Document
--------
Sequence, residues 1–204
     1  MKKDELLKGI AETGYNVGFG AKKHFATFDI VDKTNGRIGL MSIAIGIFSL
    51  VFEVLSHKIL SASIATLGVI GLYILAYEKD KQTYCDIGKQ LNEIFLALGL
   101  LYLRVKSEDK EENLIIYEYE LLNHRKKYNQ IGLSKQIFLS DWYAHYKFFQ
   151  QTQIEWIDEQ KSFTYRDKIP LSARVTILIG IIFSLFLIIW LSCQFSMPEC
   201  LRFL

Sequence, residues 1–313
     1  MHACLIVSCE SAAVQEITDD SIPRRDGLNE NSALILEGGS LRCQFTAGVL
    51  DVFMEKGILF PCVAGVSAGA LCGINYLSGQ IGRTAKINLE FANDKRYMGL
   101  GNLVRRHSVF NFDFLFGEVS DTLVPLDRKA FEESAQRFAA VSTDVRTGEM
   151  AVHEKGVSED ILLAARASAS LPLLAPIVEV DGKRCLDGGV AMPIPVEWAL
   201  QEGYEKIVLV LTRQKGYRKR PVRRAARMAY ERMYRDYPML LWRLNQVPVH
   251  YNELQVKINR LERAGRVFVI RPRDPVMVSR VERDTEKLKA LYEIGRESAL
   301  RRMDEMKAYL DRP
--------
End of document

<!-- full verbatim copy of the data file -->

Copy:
Sequence, residues 1–204
     1  MKKDELLKGI AETGYNVGFG AKKHFATFDI VDKTNGRIGL MSIAIGIFSL
    51  VFEVLSHKIL SASIATLGVI GLYILAYEKD KQTYCDIGKQ LNEIFLALGL
   101  LYLRVKSEDK EENLIIYEYE LLNHRKKYNQ IGLSKQIFLS DWYAHYKFFQ
   151  QTQIEWIDEQ KSFTYRDKIP LSARVTILIG IIFSLFLIIW LSCQFSMPEC
   201  LRFL

Sequence, residues 1–313
     1  MHACLIVSCE SAAVQEITDD SIPRRDGLNE NSALILEGGS LRCQFTAGVL
    51  DVFMEKGILF PCVAGVSAGA LCGINYLSGQ IGRTAKINLE FANDKRYMGL
   101  GNLVRRHSVF NFDFLFGEVS DTLVPLDRKA FEESAQRFAA VSTDVRTGEM
   151  AVHEKGVSED ILLAARASAS LPLLAPIVEV DGKRCLDGGV AMPIPVEWAL
   201  QEGYEKIVLV LTRQKGYRKR PVRRAARMAY ERMYRDYPML LWRLNQVPVH
   251  YNELQVKINR LERAGRVFVI RPRDPVMVSR VERDTEKLKA LYEIGRESAL
   301  RRMDEMKAYL DRP